|Title||The molecular products and biogeochemical significance of lipid photooxidation in West Antarctic surface waters|
|Publication Type||Journal Article|
|Year of Publication||2018|
|Authors||Collins J.R, Fredricks H.F, Bowman J.S, Ward C.P, Moreno C., Longnecker K., Marchetti A., Hansel C.M, Ducklow H.W, Van Mooy B.AS|
|Journal||Geochimica Et Cosmochimica Acta|
|Type of Article||Article|
|Keywords||Apparent quantum yield; chromatography-mass spectrometry; diacylglycerolipids; Fatty acids; Geochemistry & Geophysics; Intact polar; light-dependent degradation; Lipid photooxidation; Lipidomics; marine atmosphere; membrane-lipids; Oxidized lipids; oxidized phospholipids; Oxylipins; Phosphatidylcholine; Polyunsaturated; Remote; sea-ice diatoms; sinking particles; Ultraviolet radiation; ultraviolet-b radiation; unsaturated fatty-acids; uv-b; west antarctica|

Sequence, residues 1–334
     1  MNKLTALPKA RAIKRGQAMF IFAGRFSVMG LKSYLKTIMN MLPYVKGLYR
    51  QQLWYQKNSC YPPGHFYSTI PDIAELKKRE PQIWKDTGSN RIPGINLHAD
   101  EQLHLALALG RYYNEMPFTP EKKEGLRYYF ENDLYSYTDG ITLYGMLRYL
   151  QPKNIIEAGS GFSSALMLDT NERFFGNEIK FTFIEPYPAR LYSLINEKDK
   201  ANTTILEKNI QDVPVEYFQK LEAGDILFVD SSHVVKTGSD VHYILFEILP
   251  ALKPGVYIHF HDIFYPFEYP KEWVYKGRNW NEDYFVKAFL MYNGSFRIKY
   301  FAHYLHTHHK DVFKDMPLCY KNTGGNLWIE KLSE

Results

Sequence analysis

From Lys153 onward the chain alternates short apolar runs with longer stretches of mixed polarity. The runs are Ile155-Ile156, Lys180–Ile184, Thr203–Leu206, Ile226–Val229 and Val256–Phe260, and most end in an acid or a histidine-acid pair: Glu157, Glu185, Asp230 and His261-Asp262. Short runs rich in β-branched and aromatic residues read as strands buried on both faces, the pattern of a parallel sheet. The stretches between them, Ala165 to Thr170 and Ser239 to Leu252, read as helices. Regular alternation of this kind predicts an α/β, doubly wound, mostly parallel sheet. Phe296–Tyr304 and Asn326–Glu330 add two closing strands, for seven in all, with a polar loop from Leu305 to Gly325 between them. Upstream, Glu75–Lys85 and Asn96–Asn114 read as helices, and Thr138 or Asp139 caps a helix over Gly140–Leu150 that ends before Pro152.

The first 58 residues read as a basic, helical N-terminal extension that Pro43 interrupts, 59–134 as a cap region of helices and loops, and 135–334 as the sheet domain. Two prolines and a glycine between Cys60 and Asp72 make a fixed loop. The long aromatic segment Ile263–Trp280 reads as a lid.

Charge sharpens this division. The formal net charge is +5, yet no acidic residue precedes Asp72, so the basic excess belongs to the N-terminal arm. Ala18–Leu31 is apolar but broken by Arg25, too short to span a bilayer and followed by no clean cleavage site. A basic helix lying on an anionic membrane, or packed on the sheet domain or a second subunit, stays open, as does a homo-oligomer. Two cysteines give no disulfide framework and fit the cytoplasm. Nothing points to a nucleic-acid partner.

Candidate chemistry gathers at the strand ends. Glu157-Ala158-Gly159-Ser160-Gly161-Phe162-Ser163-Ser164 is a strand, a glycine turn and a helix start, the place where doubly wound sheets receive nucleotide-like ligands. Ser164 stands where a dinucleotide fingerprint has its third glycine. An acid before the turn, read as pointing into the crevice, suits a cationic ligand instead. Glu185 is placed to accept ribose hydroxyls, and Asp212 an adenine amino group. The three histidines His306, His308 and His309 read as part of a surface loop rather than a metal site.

The seasonal depletion of stratospheric ozone over the Southern Hemisphere allows abnormally high doses of ultraviolet radiation (UVR) to reach surface waters of the West Antarctic Peninsula (WAP) in the austral spring, creating a natural laboratory for the study of lipid photooxidation in the shallow mixed layer of the marginal ice zone. The photooxidation of lipids under such conditions has been identified as a significant source of stress to microorganisms and short-chain fatty acids altered by photochemical processes have been found in both marine aerosols and sinking marine particle material. However, the biogeochemical impact of lipid photooxidation has not been quantitatively compared at ecosystem scale to the many other biological and abiotic processes that can transform particulate organic matter in the surface ocean. We combined results from field experiments with diverse environmental data, including high-resolution, accurate-mass HPLC-ESI-MS analysis of lipid extracts and in situ measurements of ultraviolet irradiance, to address several unresolved questions about lipid photooxidation in the marine environment. In our experiments, we used liposomes-nonliving, cell-like aggregations of lipids-to examine the photolability of various moieties of the intact polar diacylglycerol (IP-DAG) phosphatidylcholine (PC), a structural component of membranes in a broad range of microorganisms. We observed significant rates of photooxidation only when the molecule contained the polyunsaturated fatty acid (PUFA) docosahexaenoic acid (DHA). As the DHA-containing lipid was oxidized, we observed the steady ingrowth of a diversity of oxylipins and oxidized IP-DAG; our results suggest both the intact IP-DAG the degradation products were amenable to heterotrophic assimilation. To complement our experiments, we used an enhanced version of a new lipidomics discovery software package to identify the lipids in water column samples and in several diatom isolates. The galactolipid digalactosyldiacylglycerol (DGDG), the sulfolipid sulfoquinovosyldiacylglycerol (SQDG) and the phospholipids PC and phosphatidylglycerol (PG) accounted for the majority of IP-DAG in the water column particulate (>= 0.2 mm) size fraction; between 3.4 and 5.3% of the IP-DAG contained fatty acids that were both highly polyunsaturated (i.e., each containing >= 5 double bonds). Using a broadband apparent quantum yield (AQY) that accounted for direct and Type I (i.e., radical- mediated) photooxidation of PUFA-containing IP-DAG, we estimated that 0.7 + 0.2 mmol IP- DAG m(-2) d(-1) (0.5 +/- 0.1 mg C m(-2) d(-1)) were oxidized by photochemical processes in the mixed layer. This rate represented 4.4% (range, 3-21%) of the mean bacterial production rate measured in the same waters immediately following the retreat of the sea ice. Because our liposome experiments were not designed to account for oxidation by Type II photosensitized processes that often dominate in marine phytodetritus, our rate estimates may represent a sizeable underestimate of the true rate of lipid photooxidation in the water column. While production of such diverse oxidized lipids and oxylipins has been previously observed in terrestrial plants and mammals in response to biological stressors such as disease, we show here that a similar suite of molecules can be produced via an abiotic process in the environment and that the effect can be commensurate in magnitude with other ecosystem-scale biogeochemical processes. (C) 2018 Elsevier Ltd. All rights reserved.